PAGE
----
Hundreds of children in Plymouth are having rotten teeth removed under general anaesthetic.
Last year more than 700 under-16 year olds went into Derriford Hospital, some as young as three.
Health experts and politicians say the disease is entirely preventable, but there are fears a shortage of NHS dentists is making the problem worse.
Tooth decay is historically linked to high levels of deprivation, and the latest figures seem to bear this out.
The rate of dental extraction in the most deprived parts of the city is almost three times that of more affluent areas.
And there is an added problem, a lack of NHS dentists to actually see and treat these patients.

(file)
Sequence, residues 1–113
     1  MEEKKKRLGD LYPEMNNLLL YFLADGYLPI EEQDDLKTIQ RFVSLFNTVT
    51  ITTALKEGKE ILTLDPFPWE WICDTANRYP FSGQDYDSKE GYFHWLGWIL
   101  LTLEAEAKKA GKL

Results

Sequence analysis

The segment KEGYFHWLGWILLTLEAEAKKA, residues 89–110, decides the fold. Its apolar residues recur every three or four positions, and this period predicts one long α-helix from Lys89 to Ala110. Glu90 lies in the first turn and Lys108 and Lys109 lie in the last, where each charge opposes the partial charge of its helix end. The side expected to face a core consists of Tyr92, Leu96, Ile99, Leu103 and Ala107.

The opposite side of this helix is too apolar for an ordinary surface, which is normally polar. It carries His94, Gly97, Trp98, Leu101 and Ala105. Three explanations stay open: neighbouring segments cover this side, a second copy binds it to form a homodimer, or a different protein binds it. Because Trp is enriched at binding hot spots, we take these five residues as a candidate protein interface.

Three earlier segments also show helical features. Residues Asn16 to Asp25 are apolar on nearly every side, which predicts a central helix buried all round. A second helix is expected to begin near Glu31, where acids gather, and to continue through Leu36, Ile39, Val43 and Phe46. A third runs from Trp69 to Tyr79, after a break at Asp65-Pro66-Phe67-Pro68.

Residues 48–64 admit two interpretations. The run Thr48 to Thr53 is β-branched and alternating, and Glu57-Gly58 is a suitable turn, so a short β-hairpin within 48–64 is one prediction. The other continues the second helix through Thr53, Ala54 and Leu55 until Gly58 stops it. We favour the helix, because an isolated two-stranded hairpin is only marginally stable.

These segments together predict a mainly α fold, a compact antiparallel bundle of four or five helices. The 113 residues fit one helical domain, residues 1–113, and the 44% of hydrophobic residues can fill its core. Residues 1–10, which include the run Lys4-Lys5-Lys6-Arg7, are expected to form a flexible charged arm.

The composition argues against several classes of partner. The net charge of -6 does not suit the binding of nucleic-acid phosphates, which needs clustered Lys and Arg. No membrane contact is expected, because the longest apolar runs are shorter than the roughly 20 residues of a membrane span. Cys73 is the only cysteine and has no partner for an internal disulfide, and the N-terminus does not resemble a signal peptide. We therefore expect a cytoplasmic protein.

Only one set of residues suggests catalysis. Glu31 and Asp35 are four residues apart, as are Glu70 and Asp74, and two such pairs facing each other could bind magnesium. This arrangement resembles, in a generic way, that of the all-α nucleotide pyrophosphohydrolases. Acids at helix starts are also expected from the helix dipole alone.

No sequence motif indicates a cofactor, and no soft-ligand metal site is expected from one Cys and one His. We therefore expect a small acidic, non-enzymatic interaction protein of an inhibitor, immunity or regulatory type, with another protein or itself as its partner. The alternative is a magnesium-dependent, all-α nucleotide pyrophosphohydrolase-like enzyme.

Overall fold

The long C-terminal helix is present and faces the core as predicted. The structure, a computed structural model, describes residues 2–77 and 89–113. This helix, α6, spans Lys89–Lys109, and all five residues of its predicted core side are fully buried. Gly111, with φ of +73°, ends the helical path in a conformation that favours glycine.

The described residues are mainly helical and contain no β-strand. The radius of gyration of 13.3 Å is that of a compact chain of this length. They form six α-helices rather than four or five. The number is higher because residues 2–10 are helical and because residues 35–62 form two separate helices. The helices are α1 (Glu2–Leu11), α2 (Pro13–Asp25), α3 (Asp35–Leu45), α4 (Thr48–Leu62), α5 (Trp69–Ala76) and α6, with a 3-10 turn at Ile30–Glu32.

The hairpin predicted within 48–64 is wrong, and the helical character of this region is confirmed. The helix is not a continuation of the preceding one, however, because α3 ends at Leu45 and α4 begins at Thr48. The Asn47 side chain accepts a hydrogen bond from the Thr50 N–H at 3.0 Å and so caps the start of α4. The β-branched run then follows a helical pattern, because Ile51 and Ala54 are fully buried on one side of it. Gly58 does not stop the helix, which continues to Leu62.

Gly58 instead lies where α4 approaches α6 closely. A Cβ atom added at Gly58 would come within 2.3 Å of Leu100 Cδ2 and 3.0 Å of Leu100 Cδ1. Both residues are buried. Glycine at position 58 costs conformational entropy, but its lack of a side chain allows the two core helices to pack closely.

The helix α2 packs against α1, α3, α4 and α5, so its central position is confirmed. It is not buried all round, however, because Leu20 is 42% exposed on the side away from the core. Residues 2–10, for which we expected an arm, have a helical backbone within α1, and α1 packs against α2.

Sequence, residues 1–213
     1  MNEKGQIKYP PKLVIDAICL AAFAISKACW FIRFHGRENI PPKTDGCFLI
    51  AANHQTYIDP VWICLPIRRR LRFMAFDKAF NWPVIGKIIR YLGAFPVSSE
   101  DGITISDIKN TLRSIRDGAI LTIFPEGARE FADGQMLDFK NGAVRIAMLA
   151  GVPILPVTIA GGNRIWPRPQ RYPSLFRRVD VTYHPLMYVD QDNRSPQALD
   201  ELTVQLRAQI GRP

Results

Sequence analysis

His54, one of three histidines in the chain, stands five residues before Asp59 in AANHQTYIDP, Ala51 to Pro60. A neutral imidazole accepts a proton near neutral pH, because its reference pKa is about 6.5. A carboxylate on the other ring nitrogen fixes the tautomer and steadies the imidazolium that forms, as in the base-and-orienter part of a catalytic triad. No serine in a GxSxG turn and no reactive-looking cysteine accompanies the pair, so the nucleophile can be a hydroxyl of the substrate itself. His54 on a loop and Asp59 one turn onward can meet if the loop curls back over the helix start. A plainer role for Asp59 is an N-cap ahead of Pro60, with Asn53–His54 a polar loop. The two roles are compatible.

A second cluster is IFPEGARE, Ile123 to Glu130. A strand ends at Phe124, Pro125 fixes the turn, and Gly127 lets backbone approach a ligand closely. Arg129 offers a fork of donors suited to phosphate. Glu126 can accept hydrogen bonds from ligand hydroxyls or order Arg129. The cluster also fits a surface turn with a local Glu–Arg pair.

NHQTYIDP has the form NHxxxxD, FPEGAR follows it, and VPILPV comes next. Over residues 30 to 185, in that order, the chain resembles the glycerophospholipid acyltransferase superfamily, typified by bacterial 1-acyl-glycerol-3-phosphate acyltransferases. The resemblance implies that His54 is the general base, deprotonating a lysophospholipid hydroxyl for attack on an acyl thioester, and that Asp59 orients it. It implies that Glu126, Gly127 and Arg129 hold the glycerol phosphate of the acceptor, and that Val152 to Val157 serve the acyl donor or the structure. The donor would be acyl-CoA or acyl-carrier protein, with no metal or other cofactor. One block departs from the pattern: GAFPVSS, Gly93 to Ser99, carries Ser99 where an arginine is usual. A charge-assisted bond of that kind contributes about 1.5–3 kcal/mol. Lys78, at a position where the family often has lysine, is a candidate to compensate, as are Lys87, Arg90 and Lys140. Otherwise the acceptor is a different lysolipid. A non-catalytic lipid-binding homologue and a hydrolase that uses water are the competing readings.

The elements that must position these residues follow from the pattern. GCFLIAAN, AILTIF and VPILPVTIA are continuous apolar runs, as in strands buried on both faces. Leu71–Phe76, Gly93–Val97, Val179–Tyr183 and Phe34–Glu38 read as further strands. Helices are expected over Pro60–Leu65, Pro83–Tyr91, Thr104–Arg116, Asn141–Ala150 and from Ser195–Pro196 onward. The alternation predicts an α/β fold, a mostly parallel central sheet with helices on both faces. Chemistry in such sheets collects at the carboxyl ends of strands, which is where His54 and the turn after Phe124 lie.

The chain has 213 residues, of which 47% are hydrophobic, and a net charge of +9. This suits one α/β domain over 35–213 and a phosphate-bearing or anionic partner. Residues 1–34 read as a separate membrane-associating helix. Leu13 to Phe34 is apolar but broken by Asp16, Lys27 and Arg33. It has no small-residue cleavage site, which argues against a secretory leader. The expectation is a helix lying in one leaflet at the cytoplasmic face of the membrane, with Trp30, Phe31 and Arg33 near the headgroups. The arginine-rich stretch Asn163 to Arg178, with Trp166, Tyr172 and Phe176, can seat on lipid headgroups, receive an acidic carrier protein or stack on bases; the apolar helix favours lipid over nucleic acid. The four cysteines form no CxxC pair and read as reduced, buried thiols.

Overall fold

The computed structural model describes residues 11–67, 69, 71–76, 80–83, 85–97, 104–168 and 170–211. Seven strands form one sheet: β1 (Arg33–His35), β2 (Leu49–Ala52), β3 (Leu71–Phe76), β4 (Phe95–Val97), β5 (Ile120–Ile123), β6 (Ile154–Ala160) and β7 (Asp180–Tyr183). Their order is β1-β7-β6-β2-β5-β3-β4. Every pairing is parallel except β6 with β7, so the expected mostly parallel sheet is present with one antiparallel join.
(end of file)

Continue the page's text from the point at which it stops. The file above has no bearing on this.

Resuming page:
The NHS Change 4 Life campaign features a wide range of resources to help us moderate our sugar intake and lead healthier lives.
But dentists fear the message may not be getting through.
Last year removing teeth from children cost the city of Plymouth almost £600,000.
Plymouth City Council has put oral health at the centre of its child poverty action plan, with a goal to reduce the number of youngsters having teeth removed and give our kids a brighter future.
You can find out more about the problem of rotting teeth in Plymouth below: